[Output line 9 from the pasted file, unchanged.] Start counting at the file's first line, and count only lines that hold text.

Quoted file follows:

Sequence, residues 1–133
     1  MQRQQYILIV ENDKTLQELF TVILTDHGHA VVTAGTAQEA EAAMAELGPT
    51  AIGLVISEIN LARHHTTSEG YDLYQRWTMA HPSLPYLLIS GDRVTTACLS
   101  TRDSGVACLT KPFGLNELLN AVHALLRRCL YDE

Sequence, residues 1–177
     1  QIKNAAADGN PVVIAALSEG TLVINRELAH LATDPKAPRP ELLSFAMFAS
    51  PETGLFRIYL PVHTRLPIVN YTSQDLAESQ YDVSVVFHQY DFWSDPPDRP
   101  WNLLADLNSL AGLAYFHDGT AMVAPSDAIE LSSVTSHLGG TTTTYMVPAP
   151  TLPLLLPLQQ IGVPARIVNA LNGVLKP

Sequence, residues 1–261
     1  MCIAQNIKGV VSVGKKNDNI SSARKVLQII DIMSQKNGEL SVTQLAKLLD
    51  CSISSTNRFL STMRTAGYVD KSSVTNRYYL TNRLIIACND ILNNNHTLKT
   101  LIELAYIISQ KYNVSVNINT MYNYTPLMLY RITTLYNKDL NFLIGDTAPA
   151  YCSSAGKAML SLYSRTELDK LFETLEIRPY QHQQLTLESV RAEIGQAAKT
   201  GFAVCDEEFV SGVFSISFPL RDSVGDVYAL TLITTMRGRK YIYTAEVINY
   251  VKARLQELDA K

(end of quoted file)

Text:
   151  TLPLLLPLQQ IGVPARIVNA LNGVLKP